"I thought we had an extremely physical practice today," Kiffin said in a decidedly upbeat tone. "The guys really responded. Our big focus is not for guys to think about Saturday (Orange & White Game). We needed to have two more great practices, and that started with today.
"The practice was very good, very physical."
For the second time this spring, Kiffin's attempt to end practice was thwarted by players demanding to continue competing. Originally, the workout was supposed to end with eight plays of full-speed goal-line scrimmaging.
"The defense won six to two," Kiffin said. "Then they (offensive and defensive players) challenged back and forth and went three extra plays, and the offense won three in a row.
"I thought the energy level was great. They really responded to what we needed. That was one great practice today, and (the players were) not worried about Saturday."
Asked if he selected the hip-hop tunes piped in through the practice field's sound system, Kiffin replied, "No, it's not my playlist."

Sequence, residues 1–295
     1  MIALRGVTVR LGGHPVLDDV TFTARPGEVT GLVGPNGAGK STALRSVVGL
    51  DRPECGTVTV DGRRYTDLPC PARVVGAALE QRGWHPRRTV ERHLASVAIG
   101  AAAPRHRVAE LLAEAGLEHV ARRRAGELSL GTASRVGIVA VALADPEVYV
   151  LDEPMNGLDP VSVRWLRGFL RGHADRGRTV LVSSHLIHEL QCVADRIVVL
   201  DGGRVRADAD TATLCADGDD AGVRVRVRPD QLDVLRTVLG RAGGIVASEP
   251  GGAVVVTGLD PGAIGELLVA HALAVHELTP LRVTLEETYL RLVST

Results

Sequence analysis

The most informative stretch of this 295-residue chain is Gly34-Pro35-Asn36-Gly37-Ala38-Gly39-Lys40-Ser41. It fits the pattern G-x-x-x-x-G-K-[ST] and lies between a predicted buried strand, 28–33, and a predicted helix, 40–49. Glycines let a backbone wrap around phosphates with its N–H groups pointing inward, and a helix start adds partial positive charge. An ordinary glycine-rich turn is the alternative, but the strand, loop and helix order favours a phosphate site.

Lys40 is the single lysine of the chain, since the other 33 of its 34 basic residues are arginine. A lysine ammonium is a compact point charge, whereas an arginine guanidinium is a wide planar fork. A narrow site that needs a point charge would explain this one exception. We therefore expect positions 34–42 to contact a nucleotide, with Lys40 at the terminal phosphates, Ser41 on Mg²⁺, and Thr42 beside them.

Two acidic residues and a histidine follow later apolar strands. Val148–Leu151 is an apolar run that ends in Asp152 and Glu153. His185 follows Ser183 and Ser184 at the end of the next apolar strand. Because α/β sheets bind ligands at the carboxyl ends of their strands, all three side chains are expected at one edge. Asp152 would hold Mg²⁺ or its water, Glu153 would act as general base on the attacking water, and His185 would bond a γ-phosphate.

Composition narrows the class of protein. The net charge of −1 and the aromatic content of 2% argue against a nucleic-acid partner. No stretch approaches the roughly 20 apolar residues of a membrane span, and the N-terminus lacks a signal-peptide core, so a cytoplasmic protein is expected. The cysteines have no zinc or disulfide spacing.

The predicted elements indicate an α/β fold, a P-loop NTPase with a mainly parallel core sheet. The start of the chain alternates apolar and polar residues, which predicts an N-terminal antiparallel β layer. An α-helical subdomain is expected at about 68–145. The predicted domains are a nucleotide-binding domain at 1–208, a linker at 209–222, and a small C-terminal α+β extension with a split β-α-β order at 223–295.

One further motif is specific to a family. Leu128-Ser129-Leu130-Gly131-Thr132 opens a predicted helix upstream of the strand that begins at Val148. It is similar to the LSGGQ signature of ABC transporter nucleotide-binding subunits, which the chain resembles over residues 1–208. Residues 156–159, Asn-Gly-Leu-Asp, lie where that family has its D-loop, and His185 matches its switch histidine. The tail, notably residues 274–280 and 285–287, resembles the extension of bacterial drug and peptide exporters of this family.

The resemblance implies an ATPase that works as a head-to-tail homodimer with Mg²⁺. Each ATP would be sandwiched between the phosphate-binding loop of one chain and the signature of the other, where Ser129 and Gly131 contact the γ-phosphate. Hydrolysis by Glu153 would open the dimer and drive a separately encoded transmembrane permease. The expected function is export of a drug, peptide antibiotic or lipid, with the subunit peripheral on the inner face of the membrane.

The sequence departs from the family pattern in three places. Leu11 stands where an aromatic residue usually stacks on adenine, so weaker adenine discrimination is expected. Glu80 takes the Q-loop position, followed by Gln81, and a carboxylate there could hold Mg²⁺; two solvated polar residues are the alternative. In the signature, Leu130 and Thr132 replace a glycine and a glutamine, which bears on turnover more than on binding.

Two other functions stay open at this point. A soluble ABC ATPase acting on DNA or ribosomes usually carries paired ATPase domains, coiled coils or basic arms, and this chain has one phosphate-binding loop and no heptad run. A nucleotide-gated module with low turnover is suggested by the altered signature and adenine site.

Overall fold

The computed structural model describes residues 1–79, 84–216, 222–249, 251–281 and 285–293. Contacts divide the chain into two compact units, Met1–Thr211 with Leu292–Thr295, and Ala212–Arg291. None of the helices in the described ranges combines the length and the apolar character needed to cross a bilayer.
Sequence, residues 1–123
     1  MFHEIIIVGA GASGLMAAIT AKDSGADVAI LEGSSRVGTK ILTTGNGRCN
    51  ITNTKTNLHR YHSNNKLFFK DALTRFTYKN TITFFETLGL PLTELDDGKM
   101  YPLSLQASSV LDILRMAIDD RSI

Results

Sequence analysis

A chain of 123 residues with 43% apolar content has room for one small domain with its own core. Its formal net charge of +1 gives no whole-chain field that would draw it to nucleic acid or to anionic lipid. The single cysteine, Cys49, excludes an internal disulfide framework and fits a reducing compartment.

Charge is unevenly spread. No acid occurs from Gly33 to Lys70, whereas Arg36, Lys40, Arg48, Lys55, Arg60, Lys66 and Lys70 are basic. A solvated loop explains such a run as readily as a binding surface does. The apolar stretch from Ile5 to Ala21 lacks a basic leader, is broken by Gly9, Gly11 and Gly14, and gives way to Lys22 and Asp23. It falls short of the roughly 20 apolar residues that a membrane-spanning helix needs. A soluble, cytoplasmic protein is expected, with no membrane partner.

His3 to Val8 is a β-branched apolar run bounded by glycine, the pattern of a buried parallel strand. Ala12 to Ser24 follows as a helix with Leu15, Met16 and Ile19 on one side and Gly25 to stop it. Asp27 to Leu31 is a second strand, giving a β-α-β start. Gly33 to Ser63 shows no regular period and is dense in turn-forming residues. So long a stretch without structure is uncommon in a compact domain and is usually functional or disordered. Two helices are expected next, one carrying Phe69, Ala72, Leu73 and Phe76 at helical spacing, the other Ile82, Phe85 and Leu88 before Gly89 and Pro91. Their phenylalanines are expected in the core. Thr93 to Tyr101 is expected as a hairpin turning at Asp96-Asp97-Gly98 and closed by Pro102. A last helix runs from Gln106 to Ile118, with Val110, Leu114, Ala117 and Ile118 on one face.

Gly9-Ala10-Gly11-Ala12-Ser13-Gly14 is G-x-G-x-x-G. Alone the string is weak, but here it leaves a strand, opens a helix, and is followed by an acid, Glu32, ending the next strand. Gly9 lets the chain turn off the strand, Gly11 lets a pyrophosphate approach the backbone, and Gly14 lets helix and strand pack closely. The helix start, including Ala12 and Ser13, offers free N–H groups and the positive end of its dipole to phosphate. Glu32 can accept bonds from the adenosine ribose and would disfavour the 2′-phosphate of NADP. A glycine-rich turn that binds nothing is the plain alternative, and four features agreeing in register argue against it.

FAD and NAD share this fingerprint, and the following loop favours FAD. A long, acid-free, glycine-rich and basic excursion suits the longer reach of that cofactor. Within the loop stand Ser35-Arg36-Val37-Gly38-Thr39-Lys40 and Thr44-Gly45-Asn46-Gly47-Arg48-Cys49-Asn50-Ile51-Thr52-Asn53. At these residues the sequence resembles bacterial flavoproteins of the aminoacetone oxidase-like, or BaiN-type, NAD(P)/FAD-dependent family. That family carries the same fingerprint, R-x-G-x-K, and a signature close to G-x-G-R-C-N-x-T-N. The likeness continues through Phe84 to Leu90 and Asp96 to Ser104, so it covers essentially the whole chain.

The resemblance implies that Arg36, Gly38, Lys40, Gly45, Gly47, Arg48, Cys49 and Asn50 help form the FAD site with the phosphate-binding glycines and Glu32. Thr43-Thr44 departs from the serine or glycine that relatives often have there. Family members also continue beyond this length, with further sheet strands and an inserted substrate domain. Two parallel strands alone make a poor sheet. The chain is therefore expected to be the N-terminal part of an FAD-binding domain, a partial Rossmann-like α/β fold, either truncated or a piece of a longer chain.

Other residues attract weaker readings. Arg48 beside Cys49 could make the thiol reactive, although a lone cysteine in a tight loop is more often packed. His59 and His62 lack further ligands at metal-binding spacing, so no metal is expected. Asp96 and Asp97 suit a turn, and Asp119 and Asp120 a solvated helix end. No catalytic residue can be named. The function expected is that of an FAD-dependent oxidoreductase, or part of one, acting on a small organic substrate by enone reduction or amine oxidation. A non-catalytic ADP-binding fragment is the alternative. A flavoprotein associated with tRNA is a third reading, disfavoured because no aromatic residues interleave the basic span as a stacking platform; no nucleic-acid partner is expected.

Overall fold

Smiling smugly, the head man added that the music had been edited to eliminate some crude language that blared onto the practice field in a previous workout.
The ultra-high energy level of Tennessee's practices this spring has been well documented. The fact it was just as high in Workout No. 13 as it was in Workout No. 1 amazed even the Vols' head man.
"I think it's pretty special," Kiffin said. "That's not normal ... for our guys to do that and respond to the way the coaches bring it at 'em every day.
"These are long days for these guys. We maximize every minute that we can.... It's not a lot of walking and talking. It's grinding ... getting 'em in shape and getting 'em mentally in shape for what a game's like."
Because of their off-the-charts enthusiasm and physicality, Tennessee's workouts bear little resemblance to the business-like practices Kiffin conducted when he was head coach of the NFL's Oakland Raiders in 2007 and part of 2008.
"You can't really go live very much in the NFL," Kiffin explained. "There's a lot of big contracts up there, so you can't do a (full-scale scrimmage) period like that.
"It's a lot different in college and in the NFL. You've got (college) guys battling for spots, whereas in the NFL you've got guys that are pretty secure in their spots. You can't create as much competition as you can in college, so it's hard to have a practice like that in the NFL."